We mourn with our Asian-American/AAPI kin as they navigate a country that has a longstanding tradition of targeting them with legal and interpersonal discrimination and marginalization; they have experienced increased hate and violence since the outbreak of COVID-19.
This installment of the Faith In the Valley Justice Interview Series is a conversation about political violence in California's Central Valley. Participants think through political violence as not reducible to white-nationalist protest violence, but rather political violence as constitutive to the structural reality of America itself.
The most recent youth shootings involved a 15-year-old in southeast Fresno on Nov. 15, and a 13-year-old boy from central Fresno on Nov. 24 — two areas highly impacted by gun violence. The city has seen a steep climb in gun violence this year with 63 homicides. Marcel Woodruff, lead organizer with Faith in the Valley, said the most active pockets of town are known to have some of the worst air quality in Fresno.
In this Faith in the Valley Justice interview, we feature three Faith In the Valley organizers from different locations across the Central Valley and we explore how to critically engage new and infrequent voters who question the electoral voting process.
In this conversation, Dr. Christophe Ringer discusses the critical importance of November’s election through the intersection of faith and politics. Ringer says we all need to vote not just because voting is what keeps us connected as a society, but voting is also a shared responsibility for each other.
This Faith In the Valley Justice Interview Series is a conversation with Faith In the Valley organizer Marcel Woodruff. We explore abolitionism as a tool to create a more just society and to provide clarification on what is meant by the term.
Despite Governor Newsom’s proclamation at the beginning of shelter-in-place that he had enacted a statewide “eviction moratorium”, this did little more than pass the buck to cities and counties to protect vulnerable renters, and very few jurisdictions did. On Sept. 1, millions of Californians will be facing evictions if elected leaders do not take swift and bold action now.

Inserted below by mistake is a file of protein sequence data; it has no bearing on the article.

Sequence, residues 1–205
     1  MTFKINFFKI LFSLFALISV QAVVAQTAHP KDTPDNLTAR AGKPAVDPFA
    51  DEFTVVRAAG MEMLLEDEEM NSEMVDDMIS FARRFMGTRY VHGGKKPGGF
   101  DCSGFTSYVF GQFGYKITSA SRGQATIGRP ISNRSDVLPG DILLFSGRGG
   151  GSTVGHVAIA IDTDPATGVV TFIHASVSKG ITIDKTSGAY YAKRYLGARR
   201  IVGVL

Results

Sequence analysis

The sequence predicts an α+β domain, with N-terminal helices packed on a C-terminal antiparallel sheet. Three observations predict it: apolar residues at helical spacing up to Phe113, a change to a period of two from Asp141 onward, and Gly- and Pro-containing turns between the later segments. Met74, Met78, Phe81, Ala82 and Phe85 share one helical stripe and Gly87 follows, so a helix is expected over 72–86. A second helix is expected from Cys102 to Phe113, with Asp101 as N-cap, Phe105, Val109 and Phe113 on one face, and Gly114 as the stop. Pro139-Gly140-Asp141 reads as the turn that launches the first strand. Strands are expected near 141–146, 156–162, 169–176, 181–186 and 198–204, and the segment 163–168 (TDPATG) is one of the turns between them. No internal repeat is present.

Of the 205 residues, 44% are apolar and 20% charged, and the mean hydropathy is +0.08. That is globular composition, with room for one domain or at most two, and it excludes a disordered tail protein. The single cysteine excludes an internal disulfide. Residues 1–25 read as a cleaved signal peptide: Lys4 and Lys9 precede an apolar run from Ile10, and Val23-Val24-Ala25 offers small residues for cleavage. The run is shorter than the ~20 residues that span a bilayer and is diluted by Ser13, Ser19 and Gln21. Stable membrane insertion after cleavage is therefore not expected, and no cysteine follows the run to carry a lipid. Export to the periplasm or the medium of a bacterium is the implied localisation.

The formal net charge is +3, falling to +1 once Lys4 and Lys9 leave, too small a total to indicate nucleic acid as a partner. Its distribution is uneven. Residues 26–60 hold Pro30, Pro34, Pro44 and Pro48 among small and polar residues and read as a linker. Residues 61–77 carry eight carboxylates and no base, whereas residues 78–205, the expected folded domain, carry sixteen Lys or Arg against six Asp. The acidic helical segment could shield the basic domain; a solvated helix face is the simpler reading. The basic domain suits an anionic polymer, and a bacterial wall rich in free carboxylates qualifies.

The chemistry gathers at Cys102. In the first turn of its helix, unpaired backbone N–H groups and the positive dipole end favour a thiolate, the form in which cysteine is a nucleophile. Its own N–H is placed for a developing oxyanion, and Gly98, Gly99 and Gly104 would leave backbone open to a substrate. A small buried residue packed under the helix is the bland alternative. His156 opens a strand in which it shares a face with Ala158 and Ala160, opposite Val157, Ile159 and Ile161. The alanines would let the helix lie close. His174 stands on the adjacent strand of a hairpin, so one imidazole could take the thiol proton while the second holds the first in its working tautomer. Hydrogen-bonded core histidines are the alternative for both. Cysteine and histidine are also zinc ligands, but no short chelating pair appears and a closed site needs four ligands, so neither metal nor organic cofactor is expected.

Andy Levine, deputy director of Faith in the Valley, said he was troubled by Hall’s claim that movement to re-imagine funding for the police is causing an uptick in violent crime. “That is just unprofessional,” Levine said. “The truth is the reason why violence occurs in our community is because we have funded so heavily the police departments in our city and our country at the expense of other, more pro-active things, in our community.”
McFarland residents — many of whom work in the region's agricultural fields — "were not provided with a fair and transparent process in the vote for this detention center, and were shut out by those who are supposed to represent them," Pastor Trena Turner, executive director of Faith in the Valley, said in a statement. "We are hopeful that this temporary hold is a step towards progress, and that the resiliency of the community and legal partners will result in a permanent example of justice for the Central Valley, the state and the rest of the country."
Faith in the Valley affirms the nationwide protest where people of faith, as well as people of good will, lift our voices for the declaration of the dawn of a new day. While many denounce the protest because of the element of property vandalism, we call on these critics to refocus their attention from any looting being done by economically dispossessed persons and towards a system that loots and robs Black and minoritized persons every day across the country.